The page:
Yes, of course I have chosen an animal that makes an appearance in Profusion. But the flying fox in Profusion is definitely not one you would ever want to run into!
Flying foxes are actually bats. They are in the group of bats called fruit bats (mostly in the genus, Pteropus). Take a look at the face of just about any flying fox and you'll understand how they got their name. They have very fox-like faces. Below is a grey-headed flying fox.
There are about 60 species of flying foxes, and they are widely spread throughout the subtropics of Asia, Australia, East Africa, and many islands in the Pacific and Indian Oceans. One thing that distinguishes flying foxes from other bats is that they eat fruit, pollen, nectar, or flowers. This means they have to live in areas that have flowers and fruit to eat year-round (tropical). Also, these bats do not have echolocation (sonar) to help them catch insects. Instead, they have very well-develop eyesight and smell.
Check out this spectacular BBC video.
Amazing facts about Flying Foxes:
These are the largest bats in the world. The large flying fox (yes, that's its name... creative, huh?) has a wingspan of five feet (1.5 meter)! See image below.
Some flying fox species are so rare they are found only on one small island. For example, the Mauritius flying fox (See photo below) lives only on the small island of Mauritius in the Indian Ocean. It is very important there because it pollinates flowers and disperses seeds of many plants that also live only on that island.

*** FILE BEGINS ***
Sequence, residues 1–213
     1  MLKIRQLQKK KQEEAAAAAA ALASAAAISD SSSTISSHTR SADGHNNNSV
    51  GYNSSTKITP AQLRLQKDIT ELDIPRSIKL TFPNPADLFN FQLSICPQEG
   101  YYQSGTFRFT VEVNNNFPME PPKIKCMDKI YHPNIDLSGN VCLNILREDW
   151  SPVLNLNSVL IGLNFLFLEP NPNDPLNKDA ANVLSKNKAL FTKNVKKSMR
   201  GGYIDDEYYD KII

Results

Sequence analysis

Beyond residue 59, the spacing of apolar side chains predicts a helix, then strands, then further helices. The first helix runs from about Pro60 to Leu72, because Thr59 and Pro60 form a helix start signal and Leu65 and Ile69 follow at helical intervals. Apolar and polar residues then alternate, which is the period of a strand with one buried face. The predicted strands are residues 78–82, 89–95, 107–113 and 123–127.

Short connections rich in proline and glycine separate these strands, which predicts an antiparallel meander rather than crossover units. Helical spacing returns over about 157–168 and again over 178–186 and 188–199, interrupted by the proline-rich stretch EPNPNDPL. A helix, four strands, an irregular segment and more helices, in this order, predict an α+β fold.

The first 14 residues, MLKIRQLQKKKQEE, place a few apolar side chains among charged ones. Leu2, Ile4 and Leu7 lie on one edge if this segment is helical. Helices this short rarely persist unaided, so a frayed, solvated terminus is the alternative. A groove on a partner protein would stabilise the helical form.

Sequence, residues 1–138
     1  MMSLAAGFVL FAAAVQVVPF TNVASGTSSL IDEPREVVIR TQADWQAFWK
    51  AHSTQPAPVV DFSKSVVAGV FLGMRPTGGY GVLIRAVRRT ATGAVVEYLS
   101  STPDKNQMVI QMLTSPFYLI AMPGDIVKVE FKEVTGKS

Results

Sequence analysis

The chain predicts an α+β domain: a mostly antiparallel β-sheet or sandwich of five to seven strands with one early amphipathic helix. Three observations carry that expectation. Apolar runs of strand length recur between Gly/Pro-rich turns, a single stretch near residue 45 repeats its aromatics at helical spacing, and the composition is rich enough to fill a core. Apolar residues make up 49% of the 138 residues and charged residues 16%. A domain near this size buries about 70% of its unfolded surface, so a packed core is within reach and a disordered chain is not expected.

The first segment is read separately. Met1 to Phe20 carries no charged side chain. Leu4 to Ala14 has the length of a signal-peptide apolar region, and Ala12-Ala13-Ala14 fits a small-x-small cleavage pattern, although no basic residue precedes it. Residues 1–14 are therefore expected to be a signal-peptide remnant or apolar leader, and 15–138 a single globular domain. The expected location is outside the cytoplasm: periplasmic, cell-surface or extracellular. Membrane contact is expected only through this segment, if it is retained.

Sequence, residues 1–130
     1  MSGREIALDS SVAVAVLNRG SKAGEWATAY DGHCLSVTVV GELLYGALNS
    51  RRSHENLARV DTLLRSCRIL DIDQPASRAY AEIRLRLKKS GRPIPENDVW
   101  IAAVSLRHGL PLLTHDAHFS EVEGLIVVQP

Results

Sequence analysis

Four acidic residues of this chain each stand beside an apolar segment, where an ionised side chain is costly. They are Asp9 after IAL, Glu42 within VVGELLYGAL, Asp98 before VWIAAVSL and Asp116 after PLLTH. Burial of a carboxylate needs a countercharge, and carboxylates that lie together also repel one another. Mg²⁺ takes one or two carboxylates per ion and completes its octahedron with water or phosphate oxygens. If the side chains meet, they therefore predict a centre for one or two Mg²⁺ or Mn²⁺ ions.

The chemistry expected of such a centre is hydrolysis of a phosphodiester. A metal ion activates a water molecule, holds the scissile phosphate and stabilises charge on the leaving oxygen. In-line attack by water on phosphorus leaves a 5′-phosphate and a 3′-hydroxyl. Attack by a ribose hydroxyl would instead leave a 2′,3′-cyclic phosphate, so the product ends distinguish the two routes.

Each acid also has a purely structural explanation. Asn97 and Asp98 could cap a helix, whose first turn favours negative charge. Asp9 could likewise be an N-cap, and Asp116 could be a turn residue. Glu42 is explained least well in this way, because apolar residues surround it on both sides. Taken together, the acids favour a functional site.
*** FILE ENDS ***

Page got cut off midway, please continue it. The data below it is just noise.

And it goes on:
One reason why some flying foxes are rare is that they are simply not very prolific. In fact, the large flying fox usually has only one pup (I love that they're called pups), and that's after a gestation period of 180 days! And then it takes 3-4 months for the pup to be weaned, and it won't be sexually mature for about two years.
Flying foxes mate while they are hanging upside down. Um, this one doesn't need too much explanation, does it? Oh, I guess I could add that the male often has a penis that is one-fourth the length of his entire body. Are you starting to see the logistical problems involved here?
Flying foxes hang out (literally) in trees in massive groups called camps. Sometimes these camps can have several hundred thousand bats. But this isn't nearly as many as they used to have before their numbers were depleted. In the 1930s, there were camps that were four miles wide and had 30 million flying foxes!
So, the flying fox deserves a place in the S.A.H.O.F. (Supernacular Animal Hall of Fame).
FUN FACT: Supernacular comes from the noun, supernaculum, which means a drink to be consumed to the last drop. Although the word is usually used to describe a drink, I personally believe it should be expanded to describe anything that is awesome.
Everyone needs a creative outlet. That's why I write.